Farm stories

March 25 was National Ag Day, a day to pat your tummy and say thanks to a farmer without whom that tummy would be growling with hunger.

Each farmer/rancher in the U.S. feeds 144 people in the U.S. and abroad. In the 1960s each farmer fed just 25.

As each generation gets farther and farther from the farm, it becomes more and more important to educate the eaters of America with where that food comes from and how it gets to their tables.

When food consumers have never sat down around a table and heard Grandpa or Uncle Bill or Dad talk about the challenges of farming, they begin to think raising food is easy.

When consumers never experience seeing the farmer trekking through the snow to save a cold baby calf or spending a whole day in the heat repairing a combine or watching a big black cloud demolish a complete crop, they begin to believe that farmers are in it “just for the money.”

It is up to us, the producers of 2014, to tell our stories and educate our consumers so they can truly appreciate the men and women producing the food to keep their tummies happy.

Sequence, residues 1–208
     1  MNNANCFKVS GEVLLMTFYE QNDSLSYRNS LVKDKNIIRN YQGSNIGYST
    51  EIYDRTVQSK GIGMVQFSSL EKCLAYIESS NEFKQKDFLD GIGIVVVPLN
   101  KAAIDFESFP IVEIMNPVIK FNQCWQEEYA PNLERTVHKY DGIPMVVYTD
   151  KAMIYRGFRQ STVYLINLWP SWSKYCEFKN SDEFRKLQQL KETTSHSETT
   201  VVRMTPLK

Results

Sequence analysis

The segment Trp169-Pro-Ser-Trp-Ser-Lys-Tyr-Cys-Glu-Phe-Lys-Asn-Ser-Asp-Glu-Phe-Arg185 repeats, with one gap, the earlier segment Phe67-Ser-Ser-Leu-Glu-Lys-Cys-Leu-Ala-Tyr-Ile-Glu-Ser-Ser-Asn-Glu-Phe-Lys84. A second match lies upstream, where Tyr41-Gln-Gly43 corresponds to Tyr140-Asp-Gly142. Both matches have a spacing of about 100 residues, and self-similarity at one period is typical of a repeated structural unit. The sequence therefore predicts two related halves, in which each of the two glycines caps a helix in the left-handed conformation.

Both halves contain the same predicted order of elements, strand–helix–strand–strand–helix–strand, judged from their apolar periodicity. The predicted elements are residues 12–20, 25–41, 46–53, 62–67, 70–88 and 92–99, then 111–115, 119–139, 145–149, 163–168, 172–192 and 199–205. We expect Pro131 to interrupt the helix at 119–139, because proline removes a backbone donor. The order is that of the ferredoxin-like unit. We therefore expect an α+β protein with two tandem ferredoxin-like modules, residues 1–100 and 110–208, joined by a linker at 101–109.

Other producers of goods and services advertise their products. We can begin our own private advertising by talking about what we do with the people we meet — our families, the guy who sits next to us on the plane, the clerk at the store, the kids in our schools, the people at our church, etc.

We need to begin challenging the myths about farming and ranching and letting consumers know that food is produced by real people.

People who care about the welfare of our animals, crops, and natural resources.

People who face the elements and financial challenges every day so consumers can have a safe, steady supply of food.

People who live in families and work together long hours so their children can have a healthy diet.

We can help tell the story by joining with other farmers and ranchers in organizations that educate consumers. It doesn’t cost much to join an ag organization. As they say in other advertising “just pennies a day.”

In most ag organizations, it comes to “less than a penny a day.”

For example, dues for Women Involved in Farm Economics are just $80 a year. For those dues, you get educational activities for people of all ages, information so you can be better informed, and a chance to make your voice heard on legislative and regulatory issues.

It’s up to you and me to tell the story. Not just for National Ag Day, but every day of the year. Have you considered joining others in doing just that?

Pam Potthoff, president of Nebraska WIFE

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